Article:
The first time I was fully and feelingly convinced that there is a God who rules the world in righteousness, and that I was the object of his providential regard, my conviction was owing to the following incident. I was so good a horse-woman, that at seven or eight years of age my father durst trust me to ride my poney any where by myself. When I was about that age, being to visit the Miss Harcourts, who you know live seven miles from Thornton, in the pride of my heart I begged permission to go by myself. The next day, as I was coming back, my poney stumbled on the gallop, and threw me over its head. I was not hurt by the fall : the great misfortune was, the running away of my horse. I ran after him a full hour; but I might as well have attempted to catch a deer. Looking every way, and seeing no one, I tried again, but without success. At last, night approaching, I fell on my knees in an agony of distress, and besought the Father of mercies to have compassion on me. I then arose and went to my horse, which, to my great astonishment, did not start away as before, but stood as still as if he had been fastened to the ground.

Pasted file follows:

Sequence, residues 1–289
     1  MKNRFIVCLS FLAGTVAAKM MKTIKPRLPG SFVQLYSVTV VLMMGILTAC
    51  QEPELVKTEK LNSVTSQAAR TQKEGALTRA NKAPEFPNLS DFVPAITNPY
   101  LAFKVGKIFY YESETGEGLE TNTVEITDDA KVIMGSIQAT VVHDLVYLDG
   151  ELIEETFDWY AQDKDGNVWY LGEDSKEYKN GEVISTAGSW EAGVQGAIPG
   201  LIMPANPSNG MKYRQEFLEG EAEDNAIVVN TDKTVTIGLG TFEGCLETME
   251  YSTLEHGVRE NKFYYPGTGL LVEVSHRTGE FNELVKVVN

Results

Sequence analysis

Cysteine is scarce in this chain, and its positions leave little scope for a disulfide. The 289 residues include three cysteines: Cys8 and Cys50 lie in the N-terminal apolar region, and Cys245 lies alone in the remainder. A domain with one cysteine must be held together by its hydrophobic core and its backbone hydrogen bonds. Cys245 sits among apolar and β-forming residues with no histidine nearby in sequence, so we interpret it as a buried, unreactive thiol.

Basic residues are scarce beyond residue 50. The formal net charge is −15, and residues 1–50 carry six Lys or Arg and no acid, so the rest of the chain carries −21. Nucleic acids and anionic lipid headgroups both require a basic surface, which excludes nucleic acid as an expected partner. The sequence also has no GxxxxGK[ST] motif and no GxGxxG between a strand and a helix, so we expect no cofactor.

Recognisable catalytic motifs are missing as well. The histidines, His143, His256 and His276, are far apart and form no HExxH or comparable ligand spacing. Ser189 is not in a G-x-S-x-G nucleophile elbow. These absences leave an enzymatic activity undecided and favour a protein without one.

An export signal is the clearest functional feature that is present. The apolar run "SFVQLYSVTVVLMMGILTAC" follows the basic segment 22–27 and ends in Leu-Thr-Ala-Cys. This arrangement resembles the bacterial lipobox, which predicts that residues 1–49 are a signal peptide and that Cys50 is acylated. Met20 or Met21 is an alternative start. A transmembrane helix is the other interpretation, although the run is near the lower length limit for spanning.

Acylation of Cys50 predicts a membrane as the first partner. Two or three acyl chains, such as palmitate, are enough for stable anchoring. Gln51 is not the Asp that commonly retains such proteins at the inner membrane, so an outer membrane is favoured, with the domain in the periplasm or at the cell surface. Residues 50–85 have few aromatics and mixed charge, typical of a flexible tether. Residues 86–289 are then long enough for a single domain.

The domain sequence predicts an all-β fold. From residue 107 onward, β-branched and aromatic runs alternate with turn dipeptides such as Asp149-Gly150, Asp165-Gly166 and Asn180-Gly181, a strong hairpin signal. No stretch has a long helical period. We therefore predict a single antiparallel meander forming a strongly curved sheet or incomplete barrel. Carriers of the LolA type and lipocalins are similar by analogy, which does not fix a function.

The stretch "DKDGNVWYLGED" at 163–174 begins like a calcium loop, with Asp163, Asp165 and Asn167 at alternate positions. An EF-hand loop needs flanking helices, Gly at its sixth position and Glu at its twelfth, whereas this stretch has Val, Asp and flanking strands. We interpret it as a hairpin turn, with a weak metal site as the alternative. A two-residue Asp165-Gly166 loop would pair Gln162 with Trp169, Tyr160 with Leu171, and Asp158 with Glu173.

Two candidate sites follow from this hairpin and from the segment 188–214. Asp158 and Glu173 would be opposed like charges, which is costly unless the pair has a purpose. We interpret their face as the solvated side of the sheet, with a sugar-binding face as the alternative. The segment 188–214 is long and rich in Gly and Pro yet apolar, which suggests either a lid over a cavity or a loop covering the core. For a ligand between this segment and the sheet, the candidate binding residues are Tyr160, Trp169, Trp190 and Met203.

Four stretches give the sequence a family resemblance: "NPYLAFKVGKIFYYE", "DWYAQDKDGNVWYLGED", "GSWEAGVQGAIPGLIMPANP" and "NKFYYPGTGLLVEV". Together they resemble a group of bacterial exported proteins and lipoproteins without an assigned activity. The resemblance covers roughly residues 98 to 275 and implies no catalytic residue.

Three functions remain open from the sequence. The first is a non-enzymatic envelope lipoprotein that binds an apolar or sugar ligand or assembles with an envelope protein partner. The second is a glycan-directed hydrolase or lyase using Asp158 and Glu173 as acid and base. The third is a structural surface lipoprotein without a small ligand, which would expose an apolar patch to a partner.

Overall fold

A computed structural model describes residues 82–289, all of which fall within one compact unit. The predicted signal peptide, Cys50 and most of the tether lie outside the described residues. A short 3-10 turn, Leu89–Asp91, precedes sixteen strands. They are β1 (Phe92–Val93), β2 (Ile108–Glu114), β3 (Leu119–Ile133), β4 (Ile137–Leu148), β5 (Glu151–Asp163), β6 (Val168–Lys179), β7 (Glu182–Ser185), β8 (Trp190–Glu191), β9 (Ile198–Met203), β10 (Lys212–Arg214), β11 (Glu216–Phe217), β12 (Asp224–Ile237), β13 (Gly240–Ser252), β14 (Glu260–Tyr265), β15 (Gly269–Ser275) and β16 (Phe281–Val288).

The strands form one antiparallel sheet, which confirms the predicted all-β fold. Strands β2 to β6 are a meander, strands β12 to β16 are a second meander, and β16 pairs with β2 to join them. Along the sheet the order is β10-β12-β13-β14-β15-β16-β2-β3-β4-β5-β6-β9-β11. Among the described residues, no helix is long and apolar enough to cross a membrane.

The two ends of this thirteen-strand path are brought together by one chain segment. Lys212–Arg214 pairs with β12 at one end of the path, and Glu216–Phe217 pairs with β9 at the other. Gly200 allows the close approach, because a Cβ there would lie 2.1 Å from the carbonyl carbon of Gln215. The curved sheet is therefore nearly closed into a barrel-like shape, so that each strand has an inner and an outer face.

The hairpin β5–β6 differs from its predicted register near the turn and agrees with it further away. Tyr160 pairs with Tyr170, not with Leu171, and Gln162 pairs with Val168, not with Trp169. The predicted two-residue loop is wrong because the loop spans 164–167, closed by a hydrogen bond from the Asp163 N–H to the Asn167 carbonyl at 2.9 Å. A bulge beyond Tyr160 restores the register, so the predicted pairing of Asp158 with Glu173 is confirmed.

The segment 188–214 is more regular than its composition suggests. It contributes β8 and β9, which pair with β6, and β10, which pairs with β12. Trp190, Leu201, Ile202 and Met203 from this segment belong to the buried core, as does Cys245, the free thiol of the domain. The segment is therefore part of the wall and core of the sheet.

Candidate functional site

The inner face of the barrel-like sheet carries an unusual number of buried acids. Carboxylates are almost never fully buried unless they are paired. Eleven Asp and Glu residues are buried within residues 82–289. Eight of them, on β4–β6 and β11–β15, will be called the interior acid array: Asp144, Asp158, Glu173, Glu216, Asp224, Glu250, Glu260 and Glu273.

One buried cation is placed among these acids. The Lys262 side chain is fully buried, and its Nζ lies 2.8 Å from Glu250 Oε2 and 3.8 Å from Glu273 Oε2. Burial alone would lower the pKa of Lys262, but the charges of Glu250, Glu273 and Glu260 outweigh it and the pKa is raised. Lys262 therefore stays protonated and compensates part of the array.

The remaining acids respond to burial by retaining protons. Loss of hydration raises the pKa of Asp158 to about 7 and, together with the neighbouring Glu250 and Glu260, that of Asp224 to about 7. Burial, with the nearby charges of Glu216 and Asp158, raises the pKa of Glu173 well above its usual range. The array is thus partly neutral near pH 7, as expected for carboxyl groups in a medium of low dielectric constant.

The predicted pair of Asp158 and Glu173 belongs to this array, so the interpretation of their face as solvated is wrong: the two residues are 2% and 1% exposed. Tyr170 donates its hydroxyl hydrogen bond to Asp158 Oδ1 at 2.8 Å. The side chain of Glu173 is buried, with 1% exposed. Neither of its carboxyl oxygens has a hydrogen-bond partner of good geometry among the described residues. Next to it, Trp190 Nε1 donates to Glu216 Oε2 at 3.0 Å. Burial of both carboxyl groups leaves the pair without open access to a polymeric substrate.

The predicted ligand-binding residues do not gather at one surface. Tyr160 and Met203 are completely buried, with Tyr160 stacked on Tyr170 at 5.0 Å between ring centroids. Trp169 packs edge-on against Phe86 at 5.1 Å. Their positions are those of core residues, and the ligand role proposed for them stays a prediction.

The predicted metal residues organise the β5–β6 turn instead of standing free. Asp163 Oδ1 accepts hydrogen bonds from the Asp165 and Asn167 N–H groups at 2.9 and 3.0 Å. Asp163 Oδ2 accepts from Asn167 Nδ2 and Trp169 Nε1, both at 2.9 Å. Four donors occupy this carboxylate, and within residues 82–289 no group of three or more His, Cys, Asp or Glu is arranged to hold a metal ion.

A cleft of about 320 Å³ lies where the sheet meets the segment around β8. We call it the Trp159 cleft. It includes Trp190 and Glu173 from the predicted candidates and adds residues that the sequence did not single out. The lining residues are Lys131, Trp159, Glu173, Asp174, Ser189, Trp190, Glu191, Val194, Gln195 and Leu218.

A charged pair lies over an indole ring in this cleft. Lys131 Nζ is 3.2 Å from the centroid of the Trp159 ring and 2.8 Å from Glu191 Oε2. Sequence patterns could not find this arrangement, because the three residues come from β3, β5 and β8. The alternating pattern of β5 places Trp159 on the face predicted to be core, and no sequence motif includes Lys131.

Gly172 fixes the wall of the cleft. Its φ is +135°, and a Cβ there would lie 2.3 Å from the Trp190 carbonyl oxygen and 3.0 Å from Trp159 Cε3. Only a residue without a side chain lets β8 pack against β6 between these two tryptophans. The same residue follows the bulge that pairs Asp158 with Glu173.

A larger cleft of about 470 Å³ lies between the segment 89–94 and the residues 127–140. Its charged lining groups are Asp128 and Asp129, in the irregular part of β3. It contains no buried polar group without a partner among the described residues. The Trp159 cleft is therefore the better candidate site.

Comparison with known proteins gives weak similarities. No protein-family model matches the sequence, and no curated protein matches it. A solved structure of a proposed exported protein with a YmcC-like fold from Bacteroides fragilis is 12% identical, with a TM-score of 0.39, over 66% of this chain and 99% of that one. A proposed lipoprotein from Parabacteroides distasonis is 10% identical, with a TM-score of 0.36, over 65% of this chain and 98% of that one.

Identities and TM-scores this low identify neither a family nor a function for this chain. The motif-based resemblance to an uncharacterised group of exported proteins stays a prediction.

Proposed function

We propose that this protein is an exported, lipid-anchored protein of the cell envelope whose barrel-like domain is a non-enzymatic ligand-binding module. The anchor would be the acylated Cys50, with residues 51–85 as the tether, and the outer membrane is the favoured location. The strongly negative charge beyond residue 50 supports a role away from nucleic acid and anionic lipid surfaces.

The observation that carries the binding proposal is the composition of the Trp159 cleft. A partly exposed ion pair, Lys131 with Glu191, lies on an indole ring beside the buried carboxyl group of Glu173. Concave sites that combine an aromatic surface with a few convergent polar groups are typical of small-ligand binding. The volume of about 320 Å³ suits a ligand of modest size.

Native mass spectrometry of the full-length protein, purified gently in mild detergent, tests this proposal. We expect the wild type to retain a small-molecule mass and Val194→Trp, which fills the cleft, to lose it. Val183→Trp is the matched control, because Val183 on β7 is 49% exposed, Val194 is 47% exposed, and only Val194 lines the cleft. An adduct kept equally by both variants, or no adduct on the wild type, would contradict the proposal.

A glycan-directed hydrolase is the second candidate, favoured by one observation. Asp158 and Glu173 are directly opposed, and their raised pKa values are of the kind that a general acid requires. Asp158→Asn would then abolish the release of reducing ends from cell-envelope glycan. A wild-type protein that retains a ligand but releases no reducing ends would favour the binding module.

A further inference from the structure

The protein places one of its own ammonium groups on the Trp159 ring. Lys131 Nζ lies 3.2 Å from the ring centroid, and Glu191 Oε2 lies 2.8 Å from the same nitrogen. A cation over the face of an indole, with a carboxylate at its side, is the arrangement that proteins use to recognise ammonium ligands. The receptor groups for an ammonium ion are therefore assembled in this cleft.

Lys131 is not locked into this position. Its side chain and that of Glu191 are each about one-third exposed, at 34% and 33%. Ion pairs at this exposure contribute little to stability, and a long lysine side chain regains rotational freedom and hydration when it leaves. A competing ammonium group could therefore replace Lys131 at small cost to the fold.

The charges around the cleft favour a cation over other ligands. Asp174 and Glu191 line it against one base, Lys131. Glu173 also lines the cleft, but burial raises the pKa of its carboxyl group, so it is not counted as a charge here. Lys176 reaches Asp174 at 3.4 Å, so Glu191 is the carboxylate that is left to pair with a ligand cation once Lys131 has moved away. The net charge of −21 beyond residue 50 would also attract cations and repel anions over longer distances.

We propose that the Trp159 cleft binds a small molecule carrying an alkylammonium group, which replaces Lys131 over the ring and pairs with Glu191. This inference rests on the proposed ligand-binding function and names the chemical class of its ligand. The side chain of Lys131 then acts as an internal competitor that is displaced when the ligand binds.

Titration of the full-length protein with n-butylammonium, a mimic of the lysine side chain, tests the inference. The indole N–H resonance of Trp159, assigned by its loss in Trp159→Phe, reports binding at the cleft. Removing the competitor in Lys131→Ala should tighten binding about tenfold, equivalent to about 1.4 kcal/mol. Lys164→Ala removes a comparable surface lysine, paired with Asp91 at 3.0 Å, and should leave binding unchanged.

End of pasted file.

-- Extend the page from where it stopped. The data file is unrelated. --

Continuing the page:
This wonderful interposition of Providence made a great impression upon me. I was, however, as ignorant of God's method of saving sinners for the sake of the Redeemer, as if I had been a Mahometan: and I look upon this to be the common case of mankind in a state of nature. The Holy Spirit well represents, such persons as blind, notwithstanding they have eyes : and deaf, notwithstanding they have ears. I remember, when I was afterwards confirmed by a Romish bishop, I expected it would confer a great deal of holiness upon me; for I was very desirous of doing something that would recommend me to the divine favour.